People attend interviews for jobs. I tend to exit interviews with friends. (Which really makes me question my career choice as a technologist. Perhaps being a match maker may have been offered better prospects). That being said I think one of the key criteria has been to visit the toilet of the organizations to gauge the culture.
Toilets are generally a very private place. I have heard that female toilets are the drops for exchange of intelligence regarding other colleagues but in general it is the point of contact for excrement and release of unwanted bodily exhaust. From the design of the space and ensuring dignity via partitions for urinals to the choice/ presence of hand soap, hand towels, it does help to determine the company and their mindset towards employees.
Granted some companies have moved out to co-working spaces or spaces with building management, but the cleaners (being humans) tend to gravitate towards nicer office clients and spend the extra effort to keep the space clean beyond the desired standard operating procedures.
The industrial conglomerate
For the first, this is a conglomerate. I worked for their plastics arm in a extruder factory. The general notion would be factories would be disgusting and gross. Interestingly, this was the cleanest. Especially the factory floor toilet. The office was decent but nothing fantastic. I recall speaking to the plant manager about this, what left me very impressed was the fact that they paid a hefty sum to ensure the factory toilet for the technicians was well ventilated. There was absolutely no smell despite servicing 150 men over 3 shifts. The shower facilities were always dry during peak shift change. Enough cubicles were built by design to ensure hygiene was looked after. As you can tell even after close to a decade, this has left a positive impression. They taught a young aspiring engineering intern a lot.
The technology company
Moving onto a unique technology company the office was in some backwater area in Singapore (it’s a small country so imagine it takes an hour to get there from anywhere with residence). The building was around 20 years when I entered. This was also the first employer on the first day that made diversity an important factor explicitly mentioning to all of us that the general handicap toilet would also serve those who may feel uncomfortable with binary identification. The state of the toilets for a twenty year old building was very decent. Colleagues looked after the facilities. The floors were generally dry and the faucets had minimal water residue. The factory toilets were more impressive (equally old building, kinda makes me wonder if factory teams are more disciplined). Interestingly enough it was the newest office building in the swanky central district that had the worst toilet maintenance. Heard stories from my female colleagues that there were pee stains on toilet seat covers, for here female toilets😨 (I discussed this especially anatomically it seemed improbable, but after some very awkward demonstrations I let the issue rest)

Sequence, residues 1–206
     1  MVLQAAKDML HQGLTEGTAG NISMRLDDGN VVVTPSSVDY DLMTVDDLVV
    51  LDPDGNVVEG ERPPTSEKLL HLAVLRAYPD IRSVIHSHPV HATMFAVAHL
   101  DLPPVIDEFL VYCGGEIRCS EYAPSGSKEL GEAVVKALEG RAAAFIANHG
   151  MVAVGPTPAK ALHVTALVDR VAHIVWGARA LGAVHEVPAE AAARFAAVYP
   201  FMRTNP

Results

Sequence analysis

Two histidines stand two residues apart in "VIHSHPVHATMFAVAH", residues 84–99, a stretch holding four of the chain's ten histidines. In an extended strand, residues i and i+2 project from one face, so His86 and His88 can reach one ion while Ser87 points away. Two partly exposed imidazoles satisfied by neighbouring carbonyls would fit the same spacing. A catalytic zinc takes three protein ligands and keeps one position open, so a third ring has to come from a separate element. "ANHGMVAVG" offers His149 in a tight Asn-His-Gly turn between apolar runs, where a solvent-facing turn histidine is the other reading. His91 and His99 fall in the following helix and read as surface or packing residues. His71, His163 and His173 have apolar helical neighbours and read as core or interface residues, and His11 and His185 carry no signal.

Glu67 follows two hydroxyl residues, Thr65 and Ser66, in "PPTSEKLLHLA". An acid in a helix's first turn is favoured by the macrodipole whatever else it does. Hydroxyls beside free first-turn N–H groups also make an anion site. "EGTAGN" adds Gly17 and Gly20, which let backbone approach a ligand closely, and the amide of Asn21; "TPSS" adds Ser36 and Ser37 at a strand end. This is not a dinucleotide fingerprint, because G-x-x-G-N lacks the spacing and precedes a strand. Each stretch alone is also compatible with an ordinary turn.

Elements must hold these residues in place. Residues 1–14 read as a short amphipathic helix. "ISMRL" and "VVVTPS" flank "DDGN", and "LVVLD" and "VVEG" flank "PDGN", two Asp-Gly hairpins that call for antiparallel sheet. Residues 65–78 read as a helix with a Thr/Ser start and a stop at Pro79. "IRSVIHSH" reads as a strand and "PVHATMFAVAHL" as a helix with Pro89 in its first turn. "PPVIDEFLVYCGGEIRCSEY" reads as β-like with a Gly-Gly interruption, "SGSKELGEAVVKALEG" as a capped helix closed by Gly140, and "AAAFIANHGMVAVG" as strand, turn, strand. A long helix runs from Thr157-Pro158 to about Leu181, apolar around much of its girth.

The accounting firm
Bean counters will be bean counters. This is the first and only big brand company that failed to provide hand towels and decent soap (frankly I was surprised I didn’t need to bring banana leaves to wipe my ass). There was a male toilet that was notoriously tiny. To paint a mental picture I would imagine this to be part of astronaut training. But interestingly, the toilets were clean (and yes the accountants are a very friendly bunch to work with)
So what’s the point of talking about toilets?
Interviews, people will present the best they have to offer. Only in a situation when you have your pants down do you show your true self.
Companies who have a caring culture will design with the toilet first. The team that you will work with may be amazing during the interview, but the hygiene of the toilet shows their true nature (think back to the technology company. My better team mates were from the old office, not the swanky outfit)
Let me know if you have a similar quirk and if I missed out any behavioural observations.